Why PTSD Can Be So Isolating

PTSD can feel like an endless hell. Sometimes it’s such a horrible and painful experience that you can see nothing else. Sometimes it retreats to a dull roar in the background, but leaves your field of vision clear. Sometimes you get sucker punched. Sometimes it’s all three at once.

I have a prevailing belief that were I to let the real pain show, to reveal the horror that my mind becomes and to, just for a moment, stop hiding what this really looks like for me, that no one I know would be able to tolerate it. That even those closest to me would recoil and flee instead of staying with me to hold my hand while I fight on. So I fight silently, hoping and praying that over time the bad days will be fewer and farther between and the worst moment will dull and not be so horrible.

I had a mental crisis last night though, which wasn’t too surprising given how stressful things have been for me (I’ve been seeing the physical effects, and was starting to be concerned), but it came fast and unexpectedly anyway. I had a series of panic attacks when I woke up yesterday, and toward late evening what had been a calm day blew up into crisis. I don’t even know how to describe it. If you experience PTSD you know, if you don’t may I say with all authenticity and no sarcasm or envy that I’m glad? I hope you never know. But maybe sometimes it’s like every part of you is screaming at full blast while all of the lights are flashing in a tornado of negative and horrible, and it only happens inside your head, and you can’t make it stop, you can only wait it out and hope you’re able to sleep it off. Sometimes I get emotional and cry, but I deal with it by myself and usually alone because I’m pretty sure no one else could stand it when I have to deal with that. A lot of negative emotions come up, I have a hard time processing thought and speech and sometimes I experience anger bordering on rage, so I usually am keeping all of that as contained as possible. I don’t want to hurt anyone or myself. When I was in therapy my therapist once mentioned that I am the most controlled person she has ever met. I’m sure that has some downsides, but it’s what is.

I decided to do something different and reach out to my partner for help last night. That didn’t go well. Despite qualifying that I wasn’t ok, and doing my best to try to communicate what little I could, and process the grief from that episode (I’m coming up on a few weeks that have held a lot of trauma for me over the years, and despite my attempts to face this year head-on, I was still surprised by the grief I was overwhelmed by last night at the loss of a friend last year that had suffered brain damage from a car wreck the year after my wreck), he was not able to understand what I needed, and was not able to support me, and the attempt didn’t go well, and I felt unsupported and isolated and like he was not willing to accept the full scope of me, which includes an endless battle with PTSD.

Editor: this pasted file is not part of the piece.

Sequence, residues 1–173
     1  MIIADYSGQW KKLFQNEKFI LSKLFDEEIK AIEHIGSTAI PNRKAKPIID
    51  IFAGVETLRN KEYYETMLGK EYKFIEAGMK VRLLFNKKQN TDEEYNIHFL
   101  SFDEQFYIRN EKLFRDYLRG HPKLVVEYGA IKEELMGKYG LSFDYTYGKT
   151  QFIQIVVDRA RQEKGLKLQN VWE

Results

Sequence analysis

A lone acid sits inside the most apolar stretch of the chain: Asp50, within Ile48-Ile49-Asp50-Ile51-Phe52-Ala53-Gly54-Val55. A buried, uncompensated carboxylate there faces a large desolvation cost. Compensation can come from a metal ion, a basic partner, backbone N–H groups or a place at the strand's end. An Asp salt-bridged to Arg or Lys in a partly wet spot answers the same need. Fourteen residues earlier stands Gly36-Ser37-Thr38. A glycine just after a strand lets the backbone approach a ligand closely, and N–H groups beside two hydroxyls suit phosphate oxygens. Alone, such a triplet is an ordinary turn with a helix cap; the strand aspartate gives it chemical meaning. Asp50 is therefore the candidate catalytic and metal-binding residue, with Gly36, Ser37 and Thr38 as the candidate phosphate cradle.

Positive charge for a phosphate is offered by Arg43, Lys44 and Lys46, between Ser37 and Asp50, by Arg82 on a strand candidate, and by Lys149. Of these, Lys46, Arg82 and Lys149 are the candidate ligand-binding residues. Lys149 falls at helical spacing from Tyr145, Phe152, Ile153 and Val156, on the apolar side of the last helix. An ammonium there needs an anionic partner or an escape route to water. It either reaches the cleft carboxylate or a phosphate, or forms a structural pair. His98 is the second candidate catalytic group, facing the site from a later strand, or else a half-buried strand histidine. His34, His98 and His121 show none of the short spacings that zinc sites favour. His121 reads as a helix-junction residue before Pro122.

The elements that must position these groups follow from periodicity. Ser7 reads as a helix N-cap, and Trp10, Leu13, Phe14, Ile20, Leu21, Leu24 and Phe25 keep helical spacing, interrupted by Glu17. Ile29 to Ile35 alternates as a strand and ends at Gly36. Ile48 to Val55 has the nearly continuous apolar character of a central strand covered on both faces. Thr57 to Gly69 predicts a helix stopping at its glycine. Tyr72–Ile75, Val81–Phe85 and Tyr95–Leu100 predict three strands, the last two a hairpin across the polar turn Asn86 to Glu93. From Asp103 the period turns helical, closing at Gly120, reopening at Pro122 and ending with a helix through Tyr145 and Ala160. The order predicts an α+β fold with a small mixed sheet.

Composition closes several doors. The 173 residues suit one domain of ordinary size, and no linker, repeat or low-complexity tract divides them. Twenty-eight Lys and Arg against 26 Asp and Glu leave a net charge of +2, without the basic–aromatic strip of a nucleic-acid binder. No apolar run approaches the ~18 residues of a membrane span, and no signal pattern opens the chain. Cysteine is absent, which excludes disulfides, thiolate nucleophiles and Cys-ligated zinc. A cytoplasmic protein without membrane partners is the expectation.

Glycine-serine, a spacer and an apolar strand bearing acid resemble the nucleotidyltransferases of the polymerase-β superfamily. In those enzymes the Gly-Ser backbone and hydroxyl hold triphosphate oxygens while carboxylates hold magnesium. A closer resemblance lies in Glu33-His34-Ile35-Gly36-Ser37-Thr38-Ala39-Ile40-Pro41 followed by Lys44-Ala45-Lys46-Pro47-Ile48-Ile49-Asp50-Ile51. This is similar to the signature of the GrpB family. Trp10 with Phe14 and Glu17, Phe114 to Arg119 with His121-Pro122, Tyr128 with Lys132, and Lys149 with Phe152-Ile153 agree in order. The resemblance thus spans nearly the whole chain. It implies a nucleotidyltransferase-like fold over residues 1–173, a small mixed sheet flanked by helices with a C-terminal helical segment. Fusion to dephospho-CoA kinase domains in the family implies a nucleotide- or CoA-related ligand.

I was ready to go home to heaven last night. Not at my own hand, but I felt that if I were to have gotten a terminal medical diagnosis last night, I would have welcomed it. That may be hard to understand, and it is not a desire to end my life, which I am grateful I don’t experience, rather it’s being weary of the battle. I fight hard every day, and I’m tired. I don’t have the support I need, and I’m tired. I’m making major life changes in an attempt to reserve my energy a bit, because I’m so tired. I’m not ready to give up, I’m just tired of fighting, and I knew without knowing that the next few hours were going to be bad.

Not only were they bad, my attempt at seeking help went so poorly and was so poorly received by my partner that he decided he didn’t want to discuss it, or see me today. He didn’t even see the worst of it, he announced he didn’t want to sit on the phone through silence and would rather go to bed as some of the worst waves were rolling in, and I abruptly hung up, not able to deal with that.

Y’all, that hurts.

He’s upset with me, not giving me any grace for the state I was in and not willing to acknowledge what I’ve supported him through. If beauty can take your breath away, so can pain, and all I could do in response to his text messages (he declined to talk on the phone) was to curl up and try to sleep off the initial shock.

I start a new job tomorrow. My schedule is impossibly busy the next two weeks. My partner, the person I thought would support me, doesn’t want to spend time with me today, hasn’t seen me since earlier in the week, and “wants space”. I don’t even know how to process this.

I’ve tried to sort this out this afternoon, but I just don’t know what to do. I’m trying not to let this experience reinforce that belief that no one will support me if they see how bad it really is for me, but it’s hard to not feel isolated or to further isolate myself. If I’m not going to be supported, why put energy anywhere but myself when I am going to need it all? I feel like I’ve been punched, I’m stunned and can’t breathe and can’t quite process what hurts the most. It all hurts right now, and…I start a new job tomorrow. I’ve done so much work toward re-learning how to be excited and celebrate milestones and look forward to new things rather than approach them with a sense of dread and impending doom. I’ve been knocked on my ass by a person I had expected to happily spend the day with, who will support neither my mental health battles nor important moments in my career.